For many Marquette student-athletes, the 2020 presidential election will be the first time they can partake in voting for the next commander-in-chief.
However, for some older athletes like men’s basketball senior forward Theo John, it will be their second election that they are eligible to vote in, but the first one they will participate in.
“Last election I could have voted but at the time, I didn’t feel (it) was important. I look back at that (and) I’m like, ‘that was a selfish decision,’” John said. “I feel as an American citizen, especially as an African American, you look back through our history and people literally have given their lives for me to be able to go and do that.”
John said educating himself on why he should vote changed his mind.
“Our right to vote is kind of like our way to instill the change we feel (is) necessary. I know it’s difficult picking one good person to vote for but there’s a whole lot more on the ballot,” John said. “So much of that will influence how your day-to-day life is. Your voice matters and your voice needs to be heard.”
Kylie Sprecher, a senior forward on the women’s soccer team, seconded John’s thoughts on the importance of voting.
“I had just turned 18 at the end of October right before the last election,” Sprecher said. “I told myself that I was going to now become an active citizen and take part in such an important part of our democracy. It was pretty empowering just to know that my voice was being heard.”
One of the main ways Marquette Athletics is trying to encourage voting registration is through the platforms of men’s and women’s basketball.
“It’s amazing how we’ve kind of partnered with men’s basketball on and off the court,” redshirt senior forward Lauren Van Kleunen said.
Van Kleunen said she started from “ground zero” in regards to voting, but has gotten involved to spread the message through talking with teammates, friends and family.
Redshirt senior guard Koby McEwen, who is unable to vote in the United States due to his Canadian citizenship, said the men’s basketball team has been utilizing their social media presence to spread the message.
“I had a couple of people direct message me,” McEwen said. “If you keep putting it out there for people to see, they’ll eventually either want to gain more information, or they’re going to be like, ‘it’s time for me to go register to vote.’”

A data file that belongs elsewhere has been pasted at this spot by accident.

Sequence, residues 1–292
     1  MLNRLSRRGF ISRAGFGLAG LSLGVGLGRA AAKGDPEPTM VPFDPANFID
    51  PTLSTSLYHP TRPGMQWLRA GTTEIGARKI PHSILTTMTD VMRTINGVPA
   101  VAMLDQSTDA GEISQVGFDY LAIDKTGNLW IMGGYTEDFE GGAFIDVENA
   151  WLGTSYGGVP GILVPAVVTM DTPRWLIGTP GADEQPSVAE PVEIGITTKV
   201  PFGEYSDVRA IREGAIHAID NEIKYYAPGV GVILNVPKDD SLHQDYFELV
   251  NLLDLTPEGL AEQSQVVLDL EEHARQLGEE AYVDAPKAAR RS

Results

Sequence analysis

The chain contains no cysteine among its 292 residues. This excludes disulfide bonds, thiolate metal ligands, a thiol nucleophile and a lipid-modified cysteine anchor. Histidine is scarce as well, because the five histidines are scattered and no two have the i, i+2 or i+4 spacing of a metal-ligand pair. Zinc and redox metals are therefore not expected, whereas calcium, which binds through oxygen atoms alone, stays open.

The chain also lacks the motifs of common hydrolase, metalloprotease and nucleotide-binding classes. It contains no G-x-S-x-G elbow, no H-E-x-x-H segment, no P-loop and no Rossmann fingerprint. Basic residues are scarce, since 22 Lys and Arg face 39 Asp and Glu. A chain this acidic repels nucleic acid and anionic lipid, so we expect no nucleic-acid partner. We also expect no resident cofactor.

Another way student-athletes are spreading the message is through the Student-Athlete Advisory Committee, including getting all of Marquette’s teams fully registered.
“We just want to make sure that we are doing everything in our power in order to encourage people to vote and show them how easy it is because there is a big misconception that it’s a lot more difficult,” women’s soccer junior defender and team SAAC representative Madison Burrier said. “We are trying to make it as easy as possible.”
Women’s soccer head coach Frank Pelaez said he has been encouraging his team to spread the message to students to get educated, rather than relying on peers.
Pelaez said having seniors Maggie Lena and Maddie Monticello in leadership roles on SAAC is a great asset to the team for conversations like this.
“We have so many of our players that want to be in different committees to educate themselves and educate the rest of the team,” Pelaez said. “I’ve been pretty blessed that all these young women are just so driven to make a difference when it comes to the social world.”
In addition to educating on the social world, men’s basketball associate head coach Dwayne Killings said it is a coach’s job to mentor athletes both on and off the playing surface.
“We’re here to mentor young men as basketball players but also as men, as students and hopefully as leaders in the world as they get outside of the Marquette walls,” Killings said. “We’re having a lot of different conversations. So it is deep conversations, and then something as simple as wearing a T-shirt during practice that says ‘vote.'”
Killings said wearing a T-shirt encouraging people to vote is not about convincing a million people to go to the polls, but more so about inspiring one or two.
“That’s also a huge win for our program,” Killings said. “We want to win games, but we also want to try to impact the community that we’re living in, that we’re competing in and the community that supports us in so many ways.”
Sprecher said it is great seeing her teammates and coaches step up and get involved in the hopes of making an impact on both the Milwaukee and Marquette community, as well as their home communities.
“Our team has done a really good job of keeping an open line of communication and feeling comfortable talking to one another about some things that might be controversial,” Sprecher said.
Lena, who is the vice president of Diversity and Inclusion of SAAC, said registering to vote is just the first step to making concrete change, but is a good start.
“It’s only the beginning,” Lena said. “It’s about time that people are kind of seeing this issue and making pushing actions and facilitating these initiatives to get people registered, to educate people, to push this movement of quality and justice. I’m very happy and grateful that I got to be a part of this.”
This story was written by John Leuzzi. He can be reached at firstname.lastname@example.org or on Twitter @JohnLeuzziMU.